We’ve received this from the Friends of Key Hill Cemetery:
A cash windfall will help reverse the devastation caused to an historic
Birmingham landmark by “health and safety madness”.
The Friends of Key Hill and Warstone Lane Cemeteries have received a cheque
for £4,000 from Service Birmingham, the company which provides the IT for
Birmingham City Council.
The Friends are painstakingly restoring this significant Birmingham
landmark which was nearly destroyed by the local authority ‘toppling
policy’. Council safety officers ordered hundreds of headstones to be pushed over
in 2004 to avoid litigation in case masonry fell on someone.
Then the cemetery became a blackspot for rubbish dumping and graffiti. The Friends have now cleaned up the area and are helping families find the
graves of their ancestors. Their aim is to restore a green space in the
heart of the Jewellery Quarter to be enjoyed by residents and workers in
The cheque was presented to the trustees by Mrs Maddy Westrop who
successfully applied for funding from her staff benefit fund. “This historic treasure was nearly lost because of health and safety madness,” says Mrs Westrop. “I was so glad to do something to rebuild Birmingham heritage that was almost lost.”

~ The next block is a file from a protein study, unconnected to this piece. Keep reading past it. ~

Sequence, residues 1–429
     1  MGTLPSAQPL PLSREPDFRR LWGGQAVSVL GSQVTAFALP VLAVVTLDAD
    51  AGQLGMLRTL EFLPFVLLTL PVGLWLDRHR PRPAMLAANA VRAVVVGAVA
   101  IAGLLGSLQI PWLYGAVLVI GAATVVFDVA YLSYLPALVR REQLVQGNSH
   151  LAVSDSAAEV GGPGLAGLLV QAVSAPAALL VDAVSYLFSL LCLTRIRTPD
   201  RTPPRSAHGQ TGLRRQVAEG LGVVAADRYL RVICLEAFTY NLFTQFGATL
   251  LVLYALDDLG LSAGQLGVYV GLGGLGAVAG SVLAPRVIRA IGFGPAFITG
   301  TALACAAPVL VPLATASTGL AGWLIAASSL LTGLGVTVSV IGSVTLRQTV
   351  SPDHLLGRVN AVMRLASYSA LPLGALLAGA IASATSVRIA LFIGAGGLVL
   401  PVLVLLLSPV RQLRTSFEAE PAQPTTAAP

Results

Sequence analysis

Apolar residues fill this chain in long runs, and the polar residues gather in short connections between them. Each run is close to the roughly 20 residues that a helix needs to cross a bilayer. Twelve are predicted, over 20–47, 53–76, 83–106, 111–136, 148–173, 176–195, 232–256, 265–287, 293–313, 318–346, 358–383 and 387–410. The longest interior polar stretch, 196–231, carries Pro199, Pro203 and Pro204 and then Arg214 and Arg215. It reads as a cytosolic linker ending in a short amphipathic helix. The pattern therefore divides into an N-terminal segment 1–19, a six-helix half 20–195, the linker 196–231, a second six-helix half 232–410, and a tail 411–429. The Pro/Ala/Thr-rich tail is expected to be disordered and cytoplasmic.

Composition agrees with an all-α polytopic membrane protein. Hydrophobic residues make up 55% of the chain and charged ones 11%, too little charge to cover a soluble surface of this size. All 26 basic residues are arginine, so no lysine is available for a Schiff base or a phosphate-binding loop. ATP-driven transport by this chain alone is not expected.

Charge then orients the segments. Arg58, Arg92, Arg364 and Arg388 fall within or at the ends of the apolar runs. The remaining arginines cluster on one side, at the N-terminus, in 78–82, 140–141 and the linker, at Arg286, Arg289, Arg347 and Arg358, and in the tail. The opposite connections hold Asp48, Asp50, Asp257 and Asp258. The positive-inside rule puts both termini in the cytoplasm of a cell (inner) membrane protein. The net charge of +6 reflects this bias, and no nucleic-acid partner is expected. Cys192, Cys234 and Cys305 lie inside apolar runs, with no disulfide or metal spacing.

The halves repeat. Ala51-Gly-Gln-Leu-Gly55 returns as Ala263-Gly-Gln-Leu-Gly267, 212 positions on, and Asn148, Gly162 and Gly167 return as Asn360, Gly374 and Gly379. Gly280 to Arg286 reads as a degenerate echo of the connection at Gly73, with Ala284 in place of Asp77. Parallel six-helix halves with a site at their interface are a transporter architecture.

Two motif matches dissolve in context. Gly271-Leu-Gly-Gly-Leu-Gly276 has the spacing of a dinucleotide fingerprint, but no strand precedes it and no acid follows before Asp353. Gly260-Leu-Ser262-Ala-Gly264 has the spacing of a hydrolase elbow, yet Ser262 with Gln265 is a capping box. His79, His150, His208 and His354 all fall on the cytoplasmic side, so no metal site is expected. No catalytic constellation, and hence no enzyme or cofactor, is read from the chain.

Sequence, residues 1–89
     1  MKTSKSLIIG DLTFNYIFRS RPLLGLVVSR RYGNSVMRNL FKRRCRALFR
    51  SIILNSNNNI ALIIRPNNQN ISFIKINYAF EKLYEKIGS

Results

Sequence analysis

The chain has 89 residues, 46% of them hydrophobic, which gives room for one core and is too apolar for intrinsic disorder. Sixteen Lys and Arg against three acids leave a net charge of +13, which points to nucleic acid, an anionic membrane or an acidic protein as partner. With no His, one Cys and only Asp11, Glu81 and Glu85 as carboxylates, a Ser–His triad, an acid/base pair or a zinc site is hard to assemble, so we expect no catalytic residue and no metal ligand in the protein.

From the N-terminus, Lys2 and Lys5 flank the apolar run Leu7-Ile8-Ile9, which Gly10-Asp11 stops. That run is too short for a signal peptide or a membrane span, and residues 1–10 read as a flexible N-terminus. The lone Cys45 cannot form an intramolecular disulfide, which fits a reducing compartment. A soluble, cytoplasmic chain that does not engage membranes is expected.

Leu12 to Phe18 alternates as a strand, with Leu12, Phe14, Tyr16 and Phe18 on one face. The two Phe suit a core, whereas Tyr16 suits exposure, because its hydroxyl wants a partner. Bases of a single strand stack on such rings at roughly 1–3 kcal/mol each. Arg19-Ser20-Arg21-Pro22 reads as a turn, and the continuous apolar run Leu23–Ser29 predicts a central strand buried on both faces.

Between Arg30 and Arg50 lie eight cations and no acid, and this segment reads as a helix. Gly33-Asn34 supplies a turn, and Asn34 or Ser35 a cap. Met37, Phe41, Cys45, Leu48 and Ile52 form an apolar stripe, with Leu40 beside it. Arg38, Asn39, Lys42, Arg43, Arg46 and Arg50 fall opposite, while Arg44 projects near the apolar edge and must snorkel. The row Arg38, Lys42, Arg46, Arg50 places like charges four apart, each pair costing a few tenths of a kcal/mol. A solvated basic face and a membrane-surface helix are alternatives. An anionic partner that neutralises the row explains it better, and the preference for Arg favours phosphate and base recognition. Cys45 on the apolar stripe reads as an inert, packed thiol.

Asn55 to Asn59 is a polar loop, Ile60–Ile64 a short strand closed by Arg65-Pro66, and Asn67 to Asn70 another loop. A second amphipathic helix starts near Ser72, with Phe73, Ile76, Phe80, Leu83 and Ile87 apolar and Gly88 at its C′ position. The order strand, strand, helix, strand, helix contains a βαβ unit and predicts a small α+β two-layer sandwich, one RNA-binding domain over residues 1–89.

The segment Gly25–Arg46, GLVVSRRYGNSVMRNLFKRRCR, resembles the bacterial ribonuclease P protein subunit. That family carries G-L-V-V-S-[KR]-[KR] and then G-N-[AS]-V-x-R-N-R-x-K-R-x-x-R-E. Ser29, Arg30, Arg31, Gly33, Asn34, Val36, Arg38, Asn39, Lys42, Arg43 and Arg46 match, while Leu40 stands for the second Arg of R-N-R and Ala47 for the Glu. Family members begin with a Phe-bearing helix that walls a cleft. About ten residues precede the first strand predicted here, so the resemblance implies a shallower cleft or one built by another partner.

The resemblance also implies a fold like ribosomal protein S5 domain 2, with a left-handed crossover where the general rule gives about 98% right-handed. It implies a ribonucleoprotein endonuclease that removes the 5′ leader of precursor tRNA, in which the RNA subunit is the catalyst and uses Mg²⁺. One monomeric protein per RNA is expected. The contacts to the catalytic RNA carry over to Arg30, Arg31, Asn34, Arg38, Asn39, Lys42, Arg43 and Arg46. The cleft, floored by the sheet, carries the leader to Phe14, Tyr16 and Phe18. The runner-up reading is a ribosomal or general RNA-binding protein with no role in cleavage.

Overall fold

The money will be used to restore some of the larger and more important
The Friends have just restored their hundredth grave. Each one has to be
fixed by a skilled mason.
The Friends run guided tours to raise money while they clear and restore
the Key Hill and Warstone Cemeteries. They also help families locate
A spokesman for the Friends, Brian Southwell, said: “This is a fantastic
bonus in this time of increasing cut backs, allowing some of the larger
Victorian monuments to be restored to their former glory, as well as
guaranteeing the successful continuation of the restoration programme
for the near future.”
The cemeteries contain the remains of every sort of Birmingham resident.
One grave contains the remains of an aborigine who came to England in
Victorian times and died in the cold climate. Key Hill’s most significant
occupant is Joseph Chamberlain; also there you will find Alfred Bird (of
Birds Custard), John Baskerville the printer, Harry Gem, creator of modern
Lawn tennis, and a Birmingham jeweller who won the Victoria Cross, Private
James Cooper VC.
For enquiries about guided tours, schools outings, family graves and
genealogy services, as well as donations, please contact Jacqui Fielding : email: firstname.lastname@example.org